For purposes of immediately responding to emergency situations having potentially critical environmental or public safety impact and resulting from activities within its jurisdiction, the Corporation Commission may take whatever action is necessary, without notice and hearing, including without limitation the issuance or execution of administrative agreements by the Oil and Gas Conservation Division of the Corporation Commission, to promptly respond to the emergency.
“Since we started taking actions in 2015, the rate of magnitude 3.0 and larger quakes is down over 98 percent,” Skinner said.
Mike Hunter chose to ‘inject himself’ into earthquake lawsuits
Historically, some state leaders have involved themselves in questions about Oklahoma earthquakes, the most impactful of which have topped readings of 5.0 on the Moment Magnitude Scale, which replaced the historic Richter Scale in the 1970s.
From 2011 through 2018, when Oklahoma was experiencing dozens of significant earthquakes annually, several disputes between homeowners and their insurance companies ended up in court. Most notably, in 2021, Farmers Insurance agreed to a $25 million settlement with the state of Oklahoma regarding allegations that it improperly denied more than 1,000 claims related to earthquake damage.
Those allegations had spurred dozens of private lawsuits, and in 2020 then-Attorney General Mike Hunter injected his office into the proceedings with a July letter threatening potential criminal proceedings if the insurance company did not produce records it was fighting to keep sealed in private-party civil cases.
“I have reviewed recently filed lawsuits related to Farmers’ denial of earthquake claims in Oklahoma. We have concerns with business practices employed by Farmers to deny what appears to be (the) vast majority of all such claims,” Hunter wrote to Farmers Group CEO Jeffrey Dailey in California. “In an effort to further and fully investigate these concerns, we are requesting Farmers cooperate and voluntarily produce certain documents and testimony to this office which have been produced or provided in the following civil matters presently pending here in Oklahoma.”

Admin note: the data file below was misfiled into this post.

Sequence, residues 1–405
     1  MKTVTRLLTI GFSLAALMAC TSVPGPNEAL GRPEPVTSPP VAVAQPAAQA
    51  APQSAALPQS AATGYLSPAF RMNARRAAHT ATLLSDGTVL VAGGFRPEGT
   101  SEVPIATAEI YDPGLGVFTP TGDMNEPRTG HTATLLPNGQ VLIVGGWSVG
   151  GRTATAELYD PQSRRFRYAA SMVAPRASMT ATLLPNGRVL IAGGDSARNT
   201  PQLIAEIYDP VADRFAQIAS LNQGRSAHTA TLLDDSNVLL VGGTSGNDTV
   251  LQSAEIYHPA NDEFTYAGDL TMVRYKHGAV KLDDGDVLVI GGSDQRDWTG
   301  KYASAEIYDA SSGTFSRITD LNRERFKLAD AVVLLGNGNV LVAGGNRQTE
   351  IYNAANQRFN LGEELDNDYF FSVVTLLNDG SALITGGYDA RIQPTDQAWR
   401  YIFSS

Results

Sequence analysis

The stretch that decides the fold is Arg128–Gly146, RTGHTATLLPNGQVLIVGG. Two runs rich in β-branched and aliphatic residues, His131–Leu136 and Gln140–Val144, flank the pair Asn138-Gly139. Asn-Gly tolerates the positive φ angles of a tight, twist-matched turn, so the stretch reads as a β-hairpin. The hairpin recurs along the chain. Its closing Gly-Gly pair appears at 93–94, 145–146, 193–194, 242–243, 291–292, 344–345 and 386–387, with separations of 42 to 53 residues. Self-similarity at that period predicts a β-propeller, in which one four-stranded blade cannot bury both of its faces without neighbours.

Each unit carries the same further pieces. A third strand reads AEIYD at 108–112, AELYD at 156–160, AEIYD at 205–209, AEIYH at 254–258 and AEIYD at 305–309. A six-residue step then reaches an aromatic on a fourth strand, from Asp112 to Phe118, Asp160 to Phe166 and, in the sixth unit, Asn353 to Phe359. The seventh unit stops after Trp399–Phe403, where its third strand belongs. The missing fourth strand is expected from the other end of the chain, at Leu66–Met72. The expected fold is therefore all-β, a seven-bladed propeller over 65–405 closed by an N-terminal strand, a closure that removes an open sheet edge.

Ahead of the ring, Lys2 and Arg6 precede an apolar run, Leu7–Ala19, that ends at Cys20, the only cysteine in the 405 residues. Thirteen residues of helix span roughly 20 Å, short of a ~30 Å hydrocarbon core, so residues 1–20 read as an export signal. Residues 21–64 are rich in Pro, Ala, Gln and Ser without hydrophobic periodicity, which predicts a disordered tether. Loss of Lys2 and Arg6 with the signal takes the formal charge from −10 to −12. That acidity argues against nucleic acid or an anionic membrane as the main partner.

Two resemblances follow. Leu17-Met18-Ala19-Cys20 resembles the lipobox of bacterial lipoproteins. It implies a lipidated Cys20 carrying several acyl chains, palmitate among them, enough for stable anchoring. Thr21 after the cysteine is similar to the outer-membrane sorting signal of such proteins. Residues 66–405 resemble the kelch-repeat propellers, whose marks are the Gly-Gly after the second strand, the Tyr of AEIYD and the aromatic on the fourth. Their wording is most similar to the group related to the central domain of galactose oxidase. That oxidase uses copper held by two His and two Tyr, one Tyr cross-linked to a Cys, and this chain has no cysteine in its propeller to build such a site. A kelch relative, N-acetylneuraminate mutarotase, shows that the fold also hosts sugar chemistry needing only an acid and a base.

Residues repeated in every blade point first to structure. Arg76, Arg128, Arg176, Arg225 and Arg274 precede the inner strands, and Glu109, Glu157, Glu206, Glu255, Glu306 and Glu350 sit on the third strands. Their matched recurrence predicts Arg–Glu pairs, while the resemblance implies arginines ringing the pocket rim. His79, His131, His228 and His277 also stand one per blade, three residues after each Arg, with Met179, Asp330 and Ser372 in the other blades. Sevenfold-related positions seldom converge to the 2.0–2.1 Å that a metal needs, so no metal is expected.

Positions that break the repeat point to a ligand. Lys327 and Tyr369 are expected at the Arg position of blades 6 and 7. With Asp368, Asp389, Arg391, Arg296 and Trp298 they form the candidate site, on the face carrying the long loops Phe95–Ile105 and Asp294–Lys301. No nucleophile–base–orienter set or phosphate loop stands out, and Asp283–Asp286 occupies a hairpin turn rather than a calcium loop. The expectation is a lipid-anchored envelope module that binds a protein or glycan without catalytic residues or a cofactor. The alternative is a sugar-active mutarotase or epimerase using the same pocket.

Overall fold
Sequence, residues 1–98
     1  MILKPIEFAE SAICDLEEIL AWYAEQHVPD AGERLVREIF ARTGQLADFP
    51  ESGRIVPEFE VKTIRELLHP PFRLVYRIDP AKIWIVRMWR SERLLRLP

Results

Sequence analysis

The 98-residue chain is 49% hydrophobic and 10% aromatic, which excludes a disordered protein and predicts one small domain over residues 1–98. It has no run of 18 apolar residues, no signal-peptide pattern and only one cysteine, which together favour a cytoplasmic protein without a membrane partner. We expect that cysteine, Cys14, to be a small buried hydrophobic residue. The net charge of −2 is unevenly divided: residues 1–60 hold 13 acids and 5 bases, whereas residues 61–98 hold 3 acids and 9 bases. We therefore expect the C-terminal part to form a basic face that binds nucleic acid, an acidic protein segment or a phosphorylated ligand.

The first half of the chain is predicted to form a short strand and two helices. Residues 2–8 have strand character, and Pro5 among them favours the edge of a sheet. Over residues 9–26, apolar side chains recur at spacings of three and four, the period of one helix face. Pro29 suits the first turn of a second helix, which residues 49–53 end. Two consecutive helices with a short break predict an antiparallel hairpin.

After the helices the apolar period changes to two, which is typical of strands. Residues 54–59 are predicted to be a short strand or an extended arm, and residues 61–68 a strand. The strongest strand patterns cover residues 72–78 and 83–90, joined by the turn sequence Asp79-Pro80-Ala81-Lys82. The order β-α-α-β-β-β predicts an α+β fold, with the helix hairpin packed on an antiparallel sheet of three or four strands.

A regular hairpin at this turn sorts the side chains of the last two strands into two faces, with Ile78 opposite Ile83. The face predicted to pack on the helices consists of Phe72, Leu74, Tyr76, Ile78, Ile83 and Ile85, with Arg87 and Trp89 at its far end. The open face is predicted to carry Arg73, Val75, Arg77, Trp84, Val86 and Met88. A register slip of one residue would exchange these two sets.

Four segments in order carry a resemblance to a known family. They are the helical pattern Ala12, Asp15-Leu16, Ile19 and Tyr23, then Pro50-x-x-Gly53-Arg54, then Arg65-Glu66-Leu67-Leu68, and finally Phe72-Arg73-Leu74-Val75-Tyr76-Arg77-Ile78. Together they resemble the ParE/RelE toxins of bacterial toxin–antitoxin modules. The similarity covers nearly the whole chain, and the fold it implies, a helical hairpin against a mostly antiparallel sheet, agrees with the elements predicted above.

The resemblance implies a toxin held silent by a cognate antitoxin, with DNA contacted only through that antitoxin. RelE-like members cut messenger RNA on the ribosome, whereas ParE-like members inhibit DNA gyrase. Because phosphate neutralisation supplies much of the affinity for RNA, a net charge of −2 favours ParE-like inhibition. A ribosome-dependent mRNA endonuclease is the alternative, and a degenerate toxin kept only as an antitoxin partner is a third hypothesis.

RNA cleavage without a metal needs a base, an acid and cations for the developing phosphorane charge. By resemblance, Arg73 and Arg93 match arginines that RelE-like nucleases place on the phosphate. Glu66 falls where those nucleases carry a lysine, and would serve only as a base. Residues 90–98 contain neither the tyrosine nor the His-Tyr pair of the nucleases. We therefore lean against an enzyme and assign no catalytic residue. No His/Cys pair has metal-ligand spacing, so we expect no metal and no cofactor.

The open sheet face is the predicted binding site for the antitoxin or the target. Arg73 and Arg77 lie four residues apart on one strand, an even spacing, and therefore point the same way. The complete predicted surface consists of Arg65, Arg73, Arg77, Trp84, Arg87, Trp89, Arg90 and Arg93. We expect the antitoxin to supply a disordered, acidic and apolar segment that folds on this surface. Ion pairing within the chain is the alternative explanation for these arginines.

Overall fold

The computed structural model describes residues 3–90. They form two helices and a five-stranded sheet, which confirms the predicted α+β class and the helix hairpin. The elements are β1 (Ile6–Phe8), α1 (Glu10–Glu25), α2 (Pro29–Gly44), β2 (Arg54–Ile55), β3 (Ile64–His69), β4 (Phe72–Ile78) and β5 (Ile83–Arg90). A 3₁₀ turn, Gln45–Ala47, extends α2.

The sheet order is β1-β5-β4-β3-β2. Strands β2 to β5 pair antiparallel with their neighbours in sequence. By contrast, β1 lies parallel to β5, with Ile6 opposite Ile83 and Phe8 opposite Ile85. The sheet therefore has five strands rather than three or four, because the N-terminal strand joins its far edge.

Hunter concluded his letter with a threat to subpoena the company if it did not provide his office with documents, deposition recordings and a list of upcoming depositions in the litigation filed by Oklahoma residents.
“As the attorney general for the state of Oklahoma I am charged with protecting all Oklahomans from criminal violations of the law. The records requested herein are necessary for my office to fully investigate whether or not Farmers may have violated Oklahoma law,” Hunter wrote. “I trust Farmers will do its very best to cooperate with my investigation of these allegations. If, however, Farmers is unwilling to voluntarily cooperate and produce the documents and testimony requested, I have authorized my office to procure Farmers’ compliance through our subpoena power of Farmers, its counsel and opposing counsel involved in these actions.”